"If a user wants to have certain 3rd-party sites to be able to set
cookies, they can create an exception"
So you are arguing that based upon the syntax of the language in the
option ... the new behavior more accurately matches what the option
says it will do. Why is this deemed necessary? It doesn't provide
improved security to the end user... in practice it does just the
The option's language still doesn't match the resulting change in
behavior ... as it is blocking all HTML5 storage mechanisms ... not
just cookies. If the goal is to exactly match the language of the
option's description, you guys are still failing to do that.
This to me seems incredibly arbitrary ... and seems like the result of
some end user noticing that the option doesn't do *exactly* what it
says ... and the developer changing the behavior without a thought as
to why it behaved like that in the first place.
It's not as if it was an accident that 5 browsers had exactly the same
option ... and behaved in exactly the same way with regards to iFramed
cookies. It was intentional ... because POST'ed iFrames, aren't
really 3rd parties.
This doesn't benefit the end-user in reality ... and does a great deal
to limit applications that *should* have 1st-party status.
An iFrame should be considered a 1st party ... especially in the
context of something like a Facebook application. The user has
navigated to the app, they even are prompted for permission to access
their private information. It is not obvious, to the user that these
applications are third parties ...
The first issue, is that *every* other browser on the market behaves
differently. Not only do other browsers behave differently, but
Chrome behaved correctly up until 2 releases ago. There's also no
indication to the end-user of a *major* change in functionality.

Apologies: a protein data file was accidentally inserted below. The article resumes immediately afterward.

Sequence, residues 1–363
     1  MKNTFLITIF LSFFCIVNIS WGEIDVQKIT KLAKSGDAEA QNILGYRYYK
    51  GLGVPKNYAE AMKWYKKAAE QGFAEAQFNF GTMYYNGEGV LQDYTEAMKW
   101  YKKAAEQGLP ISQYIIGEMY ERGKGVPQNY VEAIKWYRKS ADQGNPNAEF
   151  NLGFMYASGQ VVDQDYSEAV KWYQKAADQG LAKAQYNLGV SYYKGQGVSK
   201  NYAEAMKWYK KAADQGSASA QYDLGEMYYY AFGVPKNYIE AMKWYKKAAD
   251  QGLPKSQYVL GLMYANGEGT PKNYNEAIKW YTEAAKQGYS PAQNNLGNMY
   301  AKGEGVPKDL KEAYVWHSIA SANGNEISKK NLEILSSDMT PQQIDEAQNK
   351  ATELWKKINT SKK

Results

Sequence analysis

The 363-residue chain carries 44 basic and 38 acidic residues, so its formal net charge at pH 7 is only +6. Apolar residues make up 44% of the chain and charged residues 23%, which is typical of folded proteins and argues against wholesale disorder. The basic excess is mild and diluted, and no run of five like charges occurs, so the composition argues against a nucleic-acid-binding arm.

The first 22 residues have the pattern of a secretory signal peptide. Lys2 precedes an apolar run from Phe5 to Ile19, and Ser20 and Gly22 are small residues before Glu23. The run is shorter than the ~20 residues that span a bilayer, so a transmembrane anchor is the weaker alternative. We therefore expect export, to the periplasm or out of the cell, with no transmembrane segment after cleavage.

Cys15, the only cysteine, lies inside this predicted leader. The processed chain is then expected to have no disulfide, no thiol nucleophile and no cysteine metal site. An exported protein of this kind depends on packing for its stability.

If Chrome wants to have an additional feature that blocks iFrame
POST'ed cookies, that should be an additional parameter ... and the
existing one should continue to behave as it did, and as all other
browsers currently do.
The bigger issue here, is that in an attempt to provide "improved"
security ... Chrome has effectively removed the primary mechanism for
securely logging in users in iframe applications.
Any Facebook application, that utilizes cookies to authenticate a
user ... will no longer work when this setting is enabled.
As a developer of a major Facebook game, I am now faced with the
options of either passing the authentication token around in the URL
(not secure) ... or simply ignoring the 5% of users that have this
Though I'm all for suggestions on how to circumvent this, and still
retain a secure mechanism to authenticate users.
On Feb 13, 2:31 am, Jochen Eisinger <joc...@chromium.org
> (resending so it gets through to the group)
> On Mon, Feb 13, 2012 at 11:29 AM, Jochen Eisinger <joc...@chromium.org
> > Hey,
> > If a user wants to have certain 3rd-party sites to be able to set cookies,
> > they can create an exception (either to always allow them, or to allow
> > those cookies for the current session only). If they want all third-party
> > sites to be able to set cookies, they can just stick with the recommended
> > default to accept all cookies.
> > hth
> > -jochen
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